“The Ethereum merge this week slashed global energy consumption by 0.2%, Vitalik Buterin wrote in a tweet Thursday, citing a crypto researcher. The long-awaited event successfully transformed the blockchain from a proof-of-work consensus mechanism to proof-of-stake. Proponents have touted the transition for making Ethereum an almost-net-zero technology. The switch also makes gas fees, or transaction costs, lower and means the network will be able to process transactions faster.”
Argentine airline to adopt NFT technology for tickets
Airbondi, a low-fare airline from Argentina, plans to issue flight tickets as non-fungible tokens (NFTs). This means that passengers can do more with them. For example, they can sell or transfer the tickets to other persons three days before departure. The underlying technology was developed by Travel X, and the company’s website is worth a visit. The company aims to reimagine travel using blockchain tech.
Nomura and 17here’s banks have invested in FNALTY, which uses blockchain for central bank settlements
“Fnality, formerly known as the Utility Settlement Coin, tokenizes money deposited at a central bank to enable the settlement of DLT-based transactions with on-chain digital currency. It is expected to launch its first currency, the British Pound, next month as it has been formally recognized as a payments system by HM Treasury. Other planned currencies are euros, U.S. dollars, Japanese Yen and Canadian dollars.”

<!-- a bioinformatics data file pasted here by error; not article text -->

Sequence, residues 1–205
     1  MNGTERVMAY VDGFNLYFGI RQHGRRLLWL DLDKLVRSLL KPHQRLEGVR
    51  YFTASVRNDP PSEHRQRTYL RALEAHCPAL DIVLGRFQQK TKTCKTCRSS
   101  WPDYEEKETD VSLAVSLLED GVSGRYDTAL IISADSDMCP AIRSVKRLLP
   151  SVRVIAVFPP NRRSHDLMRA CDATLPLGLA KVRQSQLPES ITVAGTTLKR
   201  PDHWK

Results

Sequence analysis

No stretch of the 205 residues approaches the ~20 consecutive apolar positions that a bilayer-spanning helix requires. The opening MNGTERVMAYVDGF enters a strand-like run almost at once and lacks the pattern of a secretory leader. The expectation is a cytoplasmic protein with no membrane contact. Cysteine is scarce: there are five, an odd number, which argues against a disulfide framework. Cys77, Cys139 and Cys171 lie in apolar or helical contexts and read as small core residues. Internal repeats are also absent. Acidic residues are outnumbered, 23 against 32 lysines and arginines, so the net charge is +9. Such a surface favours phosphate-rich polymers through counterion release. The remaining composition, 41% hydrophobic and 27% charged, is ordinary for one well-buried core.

Bitcoin in El Salvador, one year later
Quote via “Attack of the 50 Foot Blockchain”:
- There’s almost no use of bitcoin as a currency. The official Chivo Wallet is hardly used, and they never did get it working correctly. Businesses have taken down their “we accept bitcoin” signs.
- There’s almost no use of bitcoin for remittances.
- Hundreds of millions of dollars in public funds have gone up in smoke — which is as if the US spent hundreds of billions — with nothing to show for it.
- Crypto crashed. As well as screwing over local bitcoin holders, this halved the face value of the government bitcoin reserve.
- El Salvador can’t borrow internationally. The IMF won’t talk to them while bitcoin is in place. The price of Salvadoran sovereign debt has fallen through the floor, as has El Salvador’s credit rating.
- The Bitcoin Volcano Bonds supposedly had $1.5 billion of buyer interest lined up — then Russia invaded Ukraine, and those buyers vanished.
- The ground has not been broken for Bitcoin City. I’m pretty sure it never will.
David Gerrard’s “Attack of the 50 Foot Blockchain”
Estonia approves first crypto bank after new legislation
“Striga, a bitcoin and cryptocurrency bank, became the first virtual asset service provider (VASP) to gain regulatory approval in Estonia following the country’s revamping of its digital asset legal framework, per an announcement from the Financial Intelligence Unit.”
Striga is the new name used by Lastbit, a US start-up team. The project had already introduced Mastercards in connection with crypto accounts. The team has been part of YCombinator, a start-up accelerator.
Financial Intelligence Unit (Press Release)
Is crypto a house of cards?
The Washington Post has a special about the story of crypto so far, chapter by chapter.
“Crypto is among the most urgent of current tech topics, driven by billions of cryptocurrency trades weekly — bitcoin and so many others — and a cultural stigma perhaps unseen in finance since the days of the Wall Street wolves of the 1980s. Almost since its creation, crypto has been characterized by sudden wealth creation, surprise hacks, big scams, bold promises and shattered dreams.”
The Washington Post (free content)
OTHER STORIES & SHORT LINKS
- Interpol has issued a red notice for Do Kwon, founder of failed Terraform TechCrunch
- Looking at 320 pitch decks, here’s what science tells us works best TechCrunch